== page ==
If everyone that drives to work would take transit just one day a week, 10 million vehicle miles per day could be removed from the roads along the Wasatch Front, amounting to a huge reduction in pollutants —Gary Edwards, Salt Lake County Health Department
MURRAY — Salt Lake County Health Department officials are hoping that free fare cards will help encourage more residents to choose mass transit over contributing to pollutants in the air by driving their own cars.
Officials will dole out 2,000 prepaid fare cards in the next two weeks, with a goal of decreasing air pollution during the winter inversions and summer ozone periods.
"While it may seem like individual efforts won't make much of a difference in reducing high particulate levels during inversions, if county residents reduced the emissions produced in the course of their daily lives, the collective impact on air quality would be significant," said Salt Lake County Health Department Executive Director Gary Edwards.
The pilot program, sponsored by the health department and the Utah Transit Authority, also aims to boost ridership on UTA's bus and rail system, which is now complete and reaches throughout the county and beyond, according to Mike Allegra, general manager for UTA.
"This is a beautiful place to live, and it could be more beautiful if we get together and collectively solve the air quality problem," he said.
Utah's public mass transit system boasted its highest ridership in the last year, but Allegra said the health department's pilot program can help more people "make the shift" and adapt to a different form of transportation.
"There's a cry for more transit options and people are getting out and riding more," he said. "People are more environmentally conscious in this community and are willing to do what they can to make a difference."
Riding a bus, TRAX or FrontRunner train, Allegra said, not only helps the air quality, but provides a cost savings to users, as well as more hands-free time.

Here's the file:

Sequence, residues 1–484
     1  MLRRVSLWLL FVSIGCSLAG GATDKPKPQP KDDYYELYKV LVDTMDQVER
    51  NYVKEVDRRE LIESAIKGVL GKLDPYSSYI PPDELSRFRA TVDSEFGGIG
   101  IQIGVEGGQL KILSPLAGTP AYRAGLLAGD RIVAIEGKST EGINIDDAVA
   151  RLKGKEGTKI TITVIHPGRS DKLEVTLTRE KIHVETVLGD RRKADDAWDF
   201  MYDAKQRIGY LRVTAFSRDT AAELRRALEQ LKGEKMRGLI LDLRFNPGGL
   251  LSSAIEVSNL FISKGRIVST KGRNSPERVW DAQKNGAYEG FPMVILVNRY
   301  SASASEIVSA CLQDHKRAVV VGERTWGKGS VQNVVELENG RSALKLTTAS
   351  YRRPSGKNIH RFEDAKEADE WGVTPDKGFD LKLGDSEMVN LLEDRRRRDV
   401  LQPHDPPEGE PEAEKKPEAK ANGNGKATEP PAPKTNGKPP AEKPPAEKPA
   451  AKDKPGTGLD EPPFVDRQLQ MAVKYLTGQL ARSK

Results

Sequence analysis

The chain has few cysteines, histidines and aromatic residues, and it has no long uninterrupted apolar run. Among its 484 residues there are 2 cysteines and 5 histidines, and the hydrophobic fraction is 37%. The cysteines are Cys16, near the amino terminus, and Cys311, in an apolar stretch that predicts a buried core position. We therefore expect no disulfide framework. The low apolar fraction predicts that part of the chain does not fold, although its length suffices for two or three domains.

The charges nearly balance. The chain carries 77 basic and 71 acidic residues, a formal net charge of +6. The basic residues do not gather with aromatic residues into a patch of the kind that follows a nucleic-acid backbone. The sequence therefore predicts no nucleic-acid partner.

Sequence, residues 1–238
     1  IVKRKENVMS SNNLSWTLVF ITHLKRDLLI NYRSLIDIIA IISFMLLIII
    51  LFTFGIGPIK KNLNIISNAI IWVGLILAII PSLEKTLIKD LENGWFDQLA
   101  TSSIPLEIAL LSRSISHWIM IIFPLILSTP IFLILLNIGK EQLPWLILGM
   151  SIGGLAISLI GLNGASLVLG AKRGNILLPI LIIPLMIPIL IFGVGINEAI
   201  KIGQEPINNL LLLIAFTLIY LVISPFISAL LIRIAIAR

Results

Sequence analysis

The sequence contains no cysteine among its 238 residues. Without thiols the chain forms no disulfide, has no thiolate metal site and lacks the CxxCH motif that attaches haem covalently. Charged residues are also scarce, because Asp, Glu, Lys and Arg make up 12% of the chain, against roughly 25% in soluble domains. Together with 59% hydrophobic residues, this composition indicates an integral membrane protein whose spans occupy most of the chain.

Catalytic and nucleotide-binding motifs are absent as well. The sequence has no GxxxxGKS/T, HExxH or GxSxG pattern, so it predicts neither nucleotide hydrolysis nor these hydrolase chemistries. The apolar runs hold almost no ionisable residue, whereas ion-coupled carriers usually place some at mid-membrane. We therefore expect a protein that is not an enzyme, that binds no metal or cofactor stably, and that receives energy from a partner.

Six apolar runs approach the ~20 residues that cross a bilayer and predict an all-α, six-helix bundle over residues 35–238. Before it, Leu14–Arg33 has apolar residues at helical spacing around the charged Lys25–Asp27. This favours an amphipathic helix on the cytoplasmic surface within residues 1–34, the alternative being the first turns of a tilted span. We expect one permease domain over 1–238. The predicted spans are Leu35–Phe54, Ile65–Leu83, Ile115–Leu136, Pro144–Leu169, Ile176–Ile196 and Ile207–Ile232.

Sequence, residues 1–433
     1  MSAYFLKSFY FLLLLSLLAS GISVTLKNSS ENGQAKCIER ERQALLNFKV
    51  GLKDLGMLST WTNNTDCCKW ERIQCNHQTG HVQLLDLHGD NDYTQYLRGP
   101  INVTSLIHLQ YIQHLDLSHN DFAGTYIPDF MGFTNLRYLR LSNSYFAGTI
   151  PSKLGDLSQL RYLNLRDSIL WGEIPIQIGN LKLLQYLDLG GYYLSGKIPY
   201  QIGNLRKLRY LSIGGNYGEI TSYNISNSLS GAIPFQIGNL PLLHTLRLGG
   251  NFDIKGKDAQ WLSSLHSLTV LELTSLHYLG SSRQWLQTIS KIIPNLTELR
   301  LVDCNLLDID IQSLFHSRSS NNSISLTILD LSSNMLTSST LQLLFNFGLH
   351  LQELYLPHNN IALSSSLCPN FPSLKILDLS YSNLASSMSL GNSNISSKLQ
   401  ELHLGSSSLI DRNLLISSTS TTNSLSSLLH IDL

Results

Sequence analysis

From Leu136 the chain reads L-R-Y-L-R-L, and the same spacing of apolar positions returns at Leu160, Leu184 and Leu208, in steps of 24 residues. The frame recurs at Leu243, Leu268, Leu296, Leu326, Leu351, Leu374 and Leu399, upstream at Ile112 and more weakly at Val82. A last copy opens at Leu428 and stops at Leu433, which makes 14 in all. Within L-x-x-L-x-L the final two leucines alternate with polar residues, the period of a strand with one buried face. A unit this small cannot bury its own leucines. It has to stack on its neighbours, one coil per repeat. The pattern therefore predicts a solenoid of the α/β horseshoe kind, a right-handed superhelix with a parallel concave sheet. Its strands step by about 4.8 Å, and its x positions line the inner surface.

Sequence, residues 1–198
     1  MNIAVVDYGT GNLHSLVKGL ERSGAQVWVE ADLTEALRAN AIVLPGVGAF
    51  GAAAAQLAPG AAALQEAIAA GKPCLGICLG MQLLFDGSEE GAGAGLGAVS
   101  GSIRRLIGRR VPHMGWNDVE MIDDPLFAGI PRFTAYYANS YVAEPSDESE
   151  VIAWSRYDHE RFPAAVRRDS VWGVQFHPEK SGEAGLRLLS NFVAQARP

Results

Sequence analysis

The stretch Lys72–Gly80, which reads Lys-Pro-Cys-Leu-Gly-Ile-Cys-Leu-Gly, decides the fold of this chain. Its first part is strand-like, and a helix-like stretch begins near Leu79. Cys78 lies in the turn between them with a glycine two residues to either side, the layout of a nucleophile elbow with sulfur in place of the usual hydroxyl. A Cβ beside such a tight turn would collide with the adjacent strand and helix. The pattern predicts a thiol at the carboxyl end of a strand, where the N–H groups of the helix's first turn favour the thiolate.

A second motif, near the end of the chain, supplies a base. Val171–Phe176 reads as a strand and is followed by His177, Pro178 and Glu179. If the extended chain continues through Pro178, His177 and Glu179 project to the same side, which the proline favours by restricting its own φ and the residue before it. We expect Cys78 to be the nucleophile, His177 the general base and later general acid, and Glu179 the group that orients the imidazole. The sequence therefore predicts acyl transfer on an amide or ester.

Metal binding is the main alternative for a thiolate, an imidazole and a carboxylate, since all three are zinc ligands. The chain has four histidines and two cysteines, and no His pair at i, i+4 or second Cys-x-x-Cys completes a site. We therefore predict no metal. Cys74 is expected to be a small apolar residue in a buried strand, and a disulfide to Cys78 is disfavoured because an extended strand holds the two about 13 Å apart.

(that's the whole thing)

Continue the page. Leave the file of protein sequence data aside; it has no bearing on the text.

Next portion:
Edwards and his wife both need to go to the city for work, but when gasoline hit $3 per gallon, he decided there had to be a better way. So he opted for mass transit, and he spends the off-road time reading and catching up on work. He also walks a quarter-mile to and from the bus stop each day, which provides health benefits in addition to cutting down on pollution.
"This fine particulate matter, that's 100 times smaller than a human hair, poses serious health concerns because it passes through the nose and mouth to the throat and lodges deeply in the lungs and passes across the lungs and into the cardiovascular system," Edwards said, adding that air pollution can aggravate lung diseases and heart conditions, such as asthma, bronchitis and coronary artery disease, among others.
Particulate matter, he said, poses a risk to people of all ages, but most importantly to children, elderly adults and those with acute chronic coronary and respiratory problems.
"We know if we can reduce the number of cars on the roads, we can cut down on pollution," Edwards said.
In addition to the health department's pilot program with UTA, Salt Lake County Mayor Ben McAdams said the county restricts wood burning on days building up to an inversion, as well as provides financial help with fixing vehicles that have emissions problems. He also said officials are working to provide safer options for residents to walk and bike to work more often.
"Roughly 50 percent of the pollution during these winter inversions comes from the tailpipes of our vehicles," McAdams said, adding that he's heard from many residents that "dealing with air pollution is their top priority."
"Together, we can be a part of the solution to breathe cleaner air," he said.
Five hundred transit passes, preloaded with $10 or enough for about four trips, will be distributed, first-come, first-served, at each of four locations in the valley, including 1 to 3 p.m. on Saturday, Jan. 31, at Salt Lake Chinatown, 3370 S. State Street; from 5 to 7 p.m. on Wednesday, Feb. 4 at Valley Fair Mall, 3601 S. 2700 West; 11 a.m. to 1 p.m. on Monday, Feb. 9 at The District in South Jordan (11400 S. Bangerter Highway); and from 5 to 7 p.m. at South Towne Center, 10450 S. State Street in Sandy.
The cards must be activated online at farepay.rideuta.com, after which they can be used and additional fare money applied for prolonged use. UTA, which reports it has about 20,000 FAREPAY cards already in use, will report how many of the free cards are activated and how often they are used, to determine whether continuation of the program will provide a benefit to county residents in the future.
"If everyone that drives to work would take transit just one day a week, 10 million vehicle miles per day could be removed from the roads along the Wasatch Front, amounting to a huge reduction in pollutants," Edwards said.
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